My Journey with Depression and Weight Loss

Break the routine with the 7daymeal plan


Starting Weight: 276lbs (6'0) Current Weight: 234lbs Goal Weight: 215lbs / then implementing intense exercise until 195lbs as a fitness goal

Mental: Food became my go-to around the time my mother died, it gave me feelings of comfort and accomplishment. I vowed to never end up like my dad; a fitness freak and diet maniac who was absent from my life. These strong feelings of resentment (dad) mixed with grief (mom) led me to turn to food for emotional fulfillment. My weight loss journey began when I was sitting in a Psychiatrist's office, fully expecting to go on some kind of medication to treat my depression. I was hesitant so the shrink said to first try cutting out all alcohol and implement exercise 5 days a week. For the first month I didn't lose any weight, but the changes to my mental health by cutting out all alcohol and walking for 30 minutes per day were enough to propel me to see a nutritionist and address my obesity (more on that later). There's a reason Alcohol is called a "depressant" I couldn't tell you why scientifically but I can testify to it personally. As I cut back from weekly to monthly, in those 3 instances (1 per month) that I had a had consumed any alcohol at all (whether 1 beer or 5 mixed drinks) the ability to make health-conscious dietary and exercise decisions decreased dramatically. I've been three months without a drink and these past 3 months I've experienced the most weight loss, despite any typically suspected notions of plateauing or weight loss getting more difficult the more you lose. Ultimately, I don't see my weight loss journey as an issue of diet, nor exercise, but mental health.

Exercise: I've heard people say exercise is only 10%-20% of the weight loss strategy, I've also heard people say that people who implement exercise are far more successful in weight loss. I don't know; but I absolutely know that in my case my modest exercise of mere 30 minute walks had enough mental health benefits to enable to me more mindful about my food choices. One big problem for me was that when I exercised intensely I found it really difficult to make wise, conscious and mindful dietary decisions, when a trip to Chick-Fil-A would normally be a grilled chicken sandwich, a side salad and a diet coke after intense exercise it became 2 fried chicken sandwiches, french fries and a coffee milk shake. I had to find exercise that was right for me and my situation, some people would slam intense cardio down my face, some people will tell me that I need to lift weights to be most effective, or people have told me to take up a physical hobby but what works for someone doesn't work for everyone. Find something that works for you. Most of the time for me it's walks, sometimes it's hikes, sometimes I'll walk around my neighborhood, sometimes I'll have 30 minutes to spare on my lunch break and I'll walk in the neighborhood the restaurant I just ate out at. If I'm hanging out with a friend I'll suggest we walk and talk. It's also particularly important for me to walk or at least move around after meals, as it has benefits for metabolism which discourages my body from putting all the calories I consumed into storage, and instead uses them for energy. I don't attribute my weight loss to exercise, I instead attribute my ability to make sound dietary choices to my exercise.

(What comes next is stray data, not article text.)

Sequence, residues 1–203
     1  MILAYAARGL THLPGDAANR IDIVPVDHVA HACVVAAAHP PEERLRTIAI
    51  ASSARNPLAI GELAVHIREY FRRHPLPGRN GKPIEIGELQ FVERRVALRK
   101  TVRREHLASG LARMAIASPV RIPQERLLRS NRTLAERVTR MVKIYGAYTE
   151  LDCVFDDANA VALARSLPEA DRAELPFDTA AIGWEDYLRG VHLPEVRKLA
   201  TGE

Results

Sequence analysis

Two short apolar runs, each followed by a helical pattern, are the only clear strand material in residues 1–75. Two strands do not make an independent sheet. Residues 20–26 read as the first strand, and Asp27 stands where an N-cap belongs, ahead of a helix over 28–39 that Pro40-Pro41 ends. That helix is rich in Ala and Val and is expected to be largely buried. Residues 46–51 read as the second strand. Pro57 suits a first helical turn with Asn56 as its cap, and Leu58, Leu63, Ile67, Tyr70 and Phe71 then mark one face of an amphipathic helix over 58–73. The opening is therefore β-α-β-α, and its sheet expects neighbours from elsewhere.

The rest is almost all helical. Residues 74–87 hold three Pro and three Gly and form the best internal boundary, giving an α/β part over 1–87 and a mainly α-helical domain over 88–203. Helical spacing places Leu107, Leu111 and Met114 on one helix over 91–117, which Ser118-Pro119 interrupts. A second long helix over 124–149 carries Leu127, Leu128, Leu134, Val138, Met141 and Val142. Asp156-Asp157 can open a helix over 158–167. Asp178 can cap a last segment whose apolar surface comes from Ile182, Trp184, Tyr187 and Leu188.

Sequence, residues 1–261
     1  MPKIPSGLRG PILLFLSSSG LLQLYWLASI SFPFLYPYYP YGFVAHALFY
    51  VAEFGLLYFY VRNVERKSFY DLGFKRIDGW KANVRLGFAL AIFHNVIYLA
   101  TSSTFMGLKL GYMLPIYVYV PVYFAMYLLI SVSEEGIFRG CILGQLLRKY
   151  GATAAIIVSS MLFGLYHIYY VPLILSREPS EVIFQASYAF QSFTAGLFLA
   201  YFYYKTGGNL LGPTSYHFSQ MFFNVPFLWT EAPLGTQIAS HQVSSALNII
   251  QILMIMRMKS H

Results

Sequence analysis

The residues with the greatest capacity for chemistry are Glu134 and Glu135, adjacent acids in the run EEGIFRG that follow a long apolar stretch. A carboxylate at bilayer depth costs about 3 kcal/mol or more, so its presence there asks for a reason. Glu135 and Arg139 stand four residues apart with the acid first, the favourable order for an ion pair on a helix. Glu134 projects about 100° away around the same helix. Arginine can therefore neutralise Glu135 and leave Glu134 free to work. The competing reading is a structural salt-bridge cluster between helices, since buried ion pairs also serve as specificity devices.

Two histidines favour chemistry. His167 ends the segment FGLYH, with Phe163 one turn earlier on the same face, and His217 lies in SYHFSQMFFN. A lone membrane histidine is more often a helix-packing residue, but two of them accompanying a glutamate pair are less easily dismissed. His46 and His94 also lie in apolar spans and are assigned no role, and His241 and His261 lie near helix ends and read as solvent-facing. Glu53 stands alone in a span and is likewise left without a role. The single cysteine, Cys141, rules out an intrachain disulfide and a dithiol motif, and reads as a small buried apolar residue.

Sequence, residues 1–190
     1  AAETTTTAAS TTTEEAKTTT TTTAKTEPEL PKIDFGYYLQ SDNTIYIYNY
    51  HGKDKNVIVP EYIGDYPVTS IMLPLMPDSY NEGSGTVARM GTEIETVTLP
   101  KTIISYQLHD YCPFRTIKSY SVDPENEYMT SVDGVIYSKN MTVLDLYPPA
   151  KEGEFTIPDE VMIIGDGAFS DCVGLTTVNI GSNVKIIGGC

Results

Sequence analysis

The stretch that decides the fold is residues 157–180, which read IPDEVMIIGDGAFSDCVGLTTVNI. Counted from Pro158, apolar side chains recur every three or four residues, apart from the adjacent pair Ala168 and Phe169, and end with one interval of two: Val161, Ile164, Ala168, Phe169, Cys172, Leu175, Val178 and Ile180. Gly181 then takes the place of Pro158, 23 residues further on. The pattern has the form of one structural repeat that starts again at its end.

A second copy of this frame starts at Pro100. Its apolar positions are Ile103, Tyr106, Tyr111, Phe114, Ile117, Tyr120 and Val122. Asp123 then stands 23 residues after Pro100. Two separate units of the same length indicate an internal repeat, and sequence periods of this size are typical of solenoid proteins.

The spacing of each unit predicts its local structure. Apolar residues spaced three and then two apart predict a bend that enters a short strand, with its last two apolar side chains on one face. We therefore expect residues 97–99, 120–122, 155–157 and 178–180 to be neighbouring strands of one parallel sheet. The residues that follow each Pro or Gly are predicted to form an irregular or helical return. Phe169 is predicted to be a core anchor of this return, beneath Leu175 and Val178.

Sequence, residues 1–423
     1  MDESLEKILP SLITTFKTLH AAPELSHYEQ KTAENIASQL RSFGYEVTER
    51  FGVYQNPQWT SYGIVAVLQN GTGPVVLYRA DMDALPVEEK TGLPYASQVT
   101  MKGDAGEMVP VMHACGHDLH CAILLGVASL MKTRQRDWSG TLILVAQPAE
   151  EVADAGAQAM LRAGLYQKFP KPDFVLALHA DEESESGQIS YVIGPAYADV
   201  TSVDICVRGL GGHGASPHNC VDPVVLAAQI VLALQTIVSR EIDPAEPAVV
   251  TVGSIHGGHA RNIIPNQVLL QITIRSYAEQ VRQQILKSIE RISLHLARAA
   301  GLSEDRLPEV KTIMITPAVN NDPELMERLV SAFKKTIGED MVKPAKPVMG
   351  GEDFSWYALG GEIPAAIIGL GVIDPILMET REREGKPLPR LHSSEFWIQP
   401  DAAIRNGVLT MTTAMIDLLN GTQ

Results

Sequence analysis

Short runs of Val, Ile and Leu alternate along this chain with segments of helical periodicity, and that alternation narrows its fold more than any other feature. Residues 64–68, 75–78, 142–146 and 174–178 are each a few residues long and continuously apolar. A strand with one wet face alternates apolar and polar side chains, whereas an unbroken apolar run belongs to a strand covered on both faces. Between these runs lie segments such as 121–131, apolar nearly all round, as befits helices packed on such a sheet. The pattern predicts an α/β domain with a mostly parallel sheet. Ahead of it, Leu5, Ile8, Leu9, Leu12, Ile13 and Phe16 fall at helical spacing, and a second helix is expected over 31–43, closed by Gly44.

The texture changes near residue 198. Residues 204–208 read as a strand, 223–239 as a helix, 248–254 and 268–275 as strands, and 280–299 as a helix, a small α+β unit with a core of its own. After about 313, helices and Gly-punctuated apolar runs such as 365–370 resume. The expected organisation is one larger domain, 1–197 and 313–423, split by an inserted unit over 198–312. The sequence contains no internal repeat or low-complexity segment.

Diet: The single biggest dietary factor that I attribute to my weight loss is the 25-25-50 method which I picked up from my visit to the nutritionist. I have to eat as equal amounts vegetables as I do grains/starches and proteins combined. Additionally I have to eat equal amounts of starches/grains as I do proteins. For the most part, other than that I eat whatever the fuck I want to eat. I eat fried chicken, I eat pho, I eat pasta, I eat McDonalds, I eat Chick Fil-A. This, I like to think of as my secret. On the way to a guilty pleasure restaurant like Pop-Eye's I will load a bag or plate up with raw carrots or tomatoes or spinach, steamed broccoli or steamed cauliflower and I will eat it on the way to the restaurant. The great part about vegetables (as well as complex carbohydrates) is that they keep me fuller for longer. Vegetables and complex carbohydrates take longer to digest, move through our systems slower and thus prevent me from getting hungry 2-3 hours after eating. The other nice thing about eating all my veggies first is that I eat less of the bad stuff. I also implemented a 16-8 intermittent fasting 3/7 days a week, which is all I have the will power to do for now. I also take a fancy probiotic (one of the refrigerated ones that are $50-60/bottle at whole foods) which I find drastically cuts back on my cravings for sugar and simple carbohydrates (pasta, pizza dough, white bread). I went a week without my probiotics and it was a rough week for me where I found myself eating lots of white breads. 25-25-50 worked for me because it allowed me to continue to make my otherwise bad decisions like eating out and eating before bed but now I'm at least eating healthy meals (and staying full between meals) while doing so.

Future: The hardest part is in front of me as I can yo-yo at any time. I know exactly who I am inside, and what I'm capable of becoming and eating. If anyone wants to join me in accountability or if anyone wants to talk about depression feel free to DM me. The grimmer part of the yo-yo for me isn't that I could lose my progress of weight loss but that I know the danger of failing and feelings of letting myself down, and how that can lead to me giving up on other parts of my life again. I'm going to see an eating disorder mental health specialist tomorrow so that I can allow this to become a path of maintenance as well as change.

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